Massachusetts Construction Projects – The Role of the General Contractor
Homeowners and commercial property owners depend on general contractors to handle construction projects on a regular basis. Many people believe that general contractors perform the actual construction work themselves; this is not usually the case. In fact, most Massachusetts general contractors simply coordinate subcontractors from other construction companies to perform the work at their jobs and never actually do any physical labor. The problem with such a business practice is that:
- it is illegal in Massachusetts (see below); and
- homeowners or commercial property owners are not receiving the construction services from the contractor they agreed to hire – the contractor who’s experience they concluded was appropriate for their job – the contractor with whom they discussed their project and discussed the work they want done.
Construction projects in Massachusetts and elsewhere usually involve a significant financial investment from the property owner to fund the work. That is precisely why there is a lot at stake when things go wrong at a construction project in Boston or anywhere in Massachusetts. Knowing your rights as the property owner and understanding the proper role of a general contractor in Massachusetts is essential to protect your property, your finances, and your legal rights.
The Responsibilities of a Massachusetts General Contractor
In most states, General contractors first meet with the property owner or tenant at the property where the proposed work will be done. During this initial meeting there is a discussion about the plan for the job, the cost of the job, and an estimated timeline for completing the job. Thereafter, a construction agreement is usually signed and the general contractor commences the project. The general contractor is responsible for managing the project budget, coordinating with an architect, designer, plumbers, electricians, etc…and getting the construction work properly completed by the project deadline. However, as noted above many general contractors do not provide the actual construction work themselves and do not have employees who provide the necessary construction work – all the services are provided by “subcontractors” with whom the property owner has no relationship. In Massachusetts, the practice of using “subcontractors” is a serious problem because of the very restrictive work classification laws in Massachusetts.
The Use of Subcontractors by a General Contractor in Massachusetts
The subcontractor – general contractor relationship on most construction projects in Boston and throughout Massachusetts can be summarized as follows:
- The general contractor (the “GC”) is the contractor who was hired by the property owner and the subcontractor is simply another contractor (from a different company) that the GC has hired to perform work at the subject property.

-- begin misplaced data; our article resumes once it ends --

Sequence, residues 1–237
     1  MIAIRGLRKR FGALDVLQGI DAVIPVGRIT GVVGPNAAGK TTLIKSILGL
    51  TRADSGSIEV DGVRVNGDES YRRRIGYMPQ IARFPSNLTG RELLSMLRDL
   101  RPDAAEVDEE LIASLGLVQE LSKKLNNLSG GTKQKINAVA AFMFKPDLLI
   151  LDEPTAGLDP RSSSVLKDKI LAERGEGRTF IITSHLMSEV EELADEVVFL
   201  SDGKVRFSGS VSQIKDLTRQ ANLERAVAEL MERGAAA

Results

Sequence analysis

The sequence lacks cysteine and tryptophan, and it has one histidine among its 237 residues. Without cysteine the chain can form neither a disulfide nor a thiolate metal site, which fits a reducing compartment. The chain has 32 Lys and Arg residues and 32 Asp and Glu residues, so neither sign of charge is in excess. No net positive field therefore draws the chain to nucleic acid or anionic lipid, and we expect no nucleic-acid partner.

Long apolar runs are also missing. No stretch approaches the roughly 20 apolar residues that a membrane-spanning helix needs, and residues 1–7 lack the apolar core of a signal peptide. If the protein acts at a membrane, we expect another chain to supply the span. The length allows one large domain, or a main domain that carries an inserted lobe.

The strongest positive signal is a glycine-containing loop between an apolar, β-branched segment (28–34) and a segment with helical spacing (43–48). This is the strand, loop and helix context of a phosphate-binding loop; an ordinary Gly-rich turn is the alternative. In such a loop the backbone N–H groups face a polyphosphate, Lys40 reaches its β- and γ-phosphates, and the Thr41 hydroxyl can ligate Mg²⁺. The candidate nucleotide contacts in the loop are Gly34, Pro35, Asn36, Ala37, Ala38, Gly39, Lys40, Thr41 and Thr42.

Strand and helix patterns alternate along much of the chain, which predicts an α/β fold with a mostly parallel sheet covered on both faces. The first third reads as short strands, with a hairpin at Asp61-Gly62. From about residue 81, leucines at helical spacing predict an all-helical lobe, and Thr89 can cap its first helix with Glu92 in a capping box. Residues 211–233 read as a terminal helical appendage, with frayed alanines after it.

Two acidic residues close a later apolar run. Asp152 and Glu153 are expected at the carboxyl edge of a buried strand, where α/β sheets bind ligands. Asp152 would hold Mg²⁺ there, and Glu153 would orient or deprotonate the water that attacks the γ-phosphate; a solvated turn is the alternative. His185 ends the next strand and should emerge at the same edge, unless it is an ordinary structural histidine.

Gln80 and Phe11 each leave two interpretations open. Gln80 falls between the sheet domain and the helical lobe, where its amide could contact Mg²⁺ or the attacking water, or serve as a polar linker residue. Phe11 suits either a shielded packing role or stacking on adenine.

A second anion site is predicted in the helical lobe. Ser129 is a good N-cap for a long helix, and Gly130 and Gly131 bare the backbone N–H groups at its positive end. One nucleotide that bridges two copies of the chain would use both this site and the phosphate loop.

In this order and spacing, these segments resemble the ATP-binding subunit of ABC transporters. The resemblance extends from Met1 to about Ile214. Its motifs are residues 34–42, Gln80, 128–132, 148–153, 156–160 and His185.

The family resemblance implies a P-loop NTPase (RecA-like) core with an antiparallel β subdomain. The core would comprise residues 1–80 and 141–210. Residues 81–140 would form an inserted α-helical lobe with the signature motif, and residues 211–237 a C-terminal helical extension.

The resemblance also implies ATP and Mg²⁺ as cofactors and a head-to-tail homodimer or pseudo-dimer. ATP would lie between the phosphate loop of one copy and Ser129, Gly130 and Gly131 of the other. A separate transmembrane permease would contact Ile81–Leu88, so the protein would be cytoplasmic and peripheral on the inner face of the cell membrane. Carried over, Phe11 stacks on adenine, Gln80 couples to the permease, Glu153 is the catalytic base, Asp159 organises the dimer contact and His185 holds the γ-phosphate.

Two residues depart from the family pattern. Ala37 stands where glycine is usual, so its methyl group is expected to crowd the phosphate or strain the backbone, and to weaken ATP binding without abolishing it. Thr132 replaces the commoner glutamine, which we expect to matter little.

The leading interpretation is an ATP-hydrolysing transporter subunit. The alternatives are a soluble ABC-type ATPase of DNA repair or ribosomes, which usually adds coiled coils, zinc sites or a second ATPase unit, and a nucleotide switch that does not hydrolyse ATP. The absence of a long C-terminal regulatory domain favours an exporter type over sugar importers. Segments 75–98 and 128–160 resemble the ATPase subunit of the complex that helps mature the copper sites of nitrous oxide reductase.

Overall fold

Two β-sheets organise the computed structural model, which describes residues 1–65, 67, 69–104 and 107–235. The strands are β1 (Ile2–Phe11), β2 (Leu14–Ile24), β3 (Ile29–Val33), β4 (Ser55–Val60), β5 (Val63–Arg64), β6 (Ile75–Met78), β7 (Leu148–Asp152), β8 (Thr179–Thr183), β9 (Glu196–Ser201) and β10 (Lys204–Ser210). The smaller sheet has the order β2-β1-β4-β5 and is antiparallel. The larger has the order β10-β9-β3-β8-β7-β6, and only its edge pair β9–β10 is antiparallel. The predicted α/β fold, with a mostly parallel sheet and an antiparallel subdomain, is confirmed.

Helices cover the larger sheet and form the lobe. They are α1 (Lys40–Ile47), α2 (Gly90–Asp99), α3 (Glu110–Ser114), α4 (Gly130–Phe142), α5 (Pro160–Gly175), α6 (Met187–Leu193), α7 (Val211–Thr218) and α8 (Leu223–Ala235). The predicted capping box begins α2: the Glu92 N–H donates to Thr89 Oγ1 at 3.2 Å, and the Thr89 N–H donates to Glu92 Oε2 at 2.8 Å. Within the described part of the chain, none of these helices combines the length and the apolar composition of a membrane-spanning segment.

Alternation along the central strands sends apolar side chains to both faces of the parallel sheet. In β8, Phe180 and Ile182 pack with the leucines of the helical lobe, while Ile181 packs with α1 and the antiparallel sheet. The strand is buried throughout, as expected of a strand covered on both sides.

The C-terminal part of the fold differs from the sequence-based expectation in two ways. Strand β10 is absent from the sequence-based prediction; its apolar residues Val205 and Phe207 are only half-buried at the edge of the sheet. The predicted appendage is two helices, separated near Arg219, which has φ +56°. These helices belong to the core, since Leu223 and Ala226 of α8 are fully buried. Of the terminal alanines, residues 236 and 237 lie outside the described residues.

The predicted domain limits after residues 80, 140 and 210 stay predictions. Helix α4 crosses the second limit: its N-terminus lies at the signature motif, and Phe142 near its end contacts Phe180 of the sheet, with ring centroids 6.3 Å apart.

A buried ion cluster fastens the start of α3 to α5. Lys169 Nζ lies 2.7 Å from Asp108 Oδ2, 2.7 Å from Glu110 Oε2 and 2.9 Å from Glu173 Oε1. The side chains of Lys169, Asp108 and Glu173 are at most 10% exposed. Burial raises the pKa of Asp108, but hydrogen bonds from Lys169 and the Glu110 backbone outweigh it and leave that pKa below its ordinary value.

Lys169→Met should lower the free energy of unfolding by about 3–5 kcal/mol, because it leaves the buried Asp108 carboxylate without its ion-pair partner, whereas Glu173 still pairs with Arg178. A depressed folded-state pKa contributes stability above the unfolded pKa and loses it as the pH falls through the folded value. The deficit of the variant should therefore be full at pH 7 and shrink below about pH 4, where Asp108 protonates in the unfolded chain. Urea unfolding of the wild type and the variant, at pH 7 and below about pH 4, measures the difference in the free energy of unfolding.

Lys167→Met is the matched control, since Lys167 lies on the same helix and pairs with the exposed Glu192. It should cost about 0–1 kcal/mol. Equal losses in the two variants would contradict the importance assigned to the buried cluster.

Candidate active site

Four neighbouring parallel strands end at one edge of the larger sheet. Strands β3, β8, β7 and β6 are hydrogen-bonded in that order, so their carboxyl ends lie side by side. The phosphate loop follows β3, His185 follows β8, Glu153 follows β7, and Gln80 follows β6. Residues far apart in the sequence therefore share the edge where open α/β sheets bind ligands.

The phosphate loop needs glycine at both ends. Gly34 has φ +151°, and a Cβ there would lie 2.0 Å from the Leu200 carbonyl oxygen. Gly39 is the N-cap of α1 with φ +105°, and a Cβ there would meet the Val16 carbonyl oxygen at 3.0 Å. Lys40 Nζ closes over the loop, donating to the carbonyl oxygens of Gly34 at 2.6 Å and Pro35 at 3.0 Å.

In this model situation the subcontractor is usually treated as an independent contractor who is working for the general contractor. The “independent contractor” classification saves the general contractor significant monies on insurance costs and payroll taxes. However, this practice is illegal in Massachusetts because all workers (with very limited exceptions) are considered employees under the law unless the all of the following elements are satisfied:
“(1) the individual is free from control and direction in connection with the performance of the service, both under his contract for the performance of service and in fact; and
(2) the service is performed outside the usual course of the business of the employer; and,
(3) the individual is customarily engaged in an independently established trade, occupation, profession or business of the same nature as that involved in the service performed.” M.G.L. c. 148B(a).
The second part of the above test (i.e. “the service is performed outside the usual course of the business of the employer”) is very difficult for general contractors to satisfy because general contractors are in the business of providing construction services and the subcontractors are being hired to provide those very construction services – those are services within the usual course of the general contractors business. Therefore, subcontractors in Massachusetts are employees under the law even if the general contractor treats them as independent contractors. This issue of misclassifying employees carries severe penalties. As a Massachusetts property owner, being aware that such a business practice is illegal can provide you with leverage over the general contractor should a dispute arise – such leverage can help the property owner settle their dispute on favorable terms. The experienced construction attorneys at Calabrese Law Associates in Boston, Massachusetts are experts on the laws that apply to Massachusetts contractors and to Massachusetts construction projects. Our firm handles a broad scope of construction law related matters for property owners and contractors and we have been providing construction clients with great results for years.
To get assistance with general contractor dispute, contact Calabrese Law Associates. Businesses and homeowners who utilize our firm receive industry-leading legal representation and professional. Schedule your consultation with an attorney today.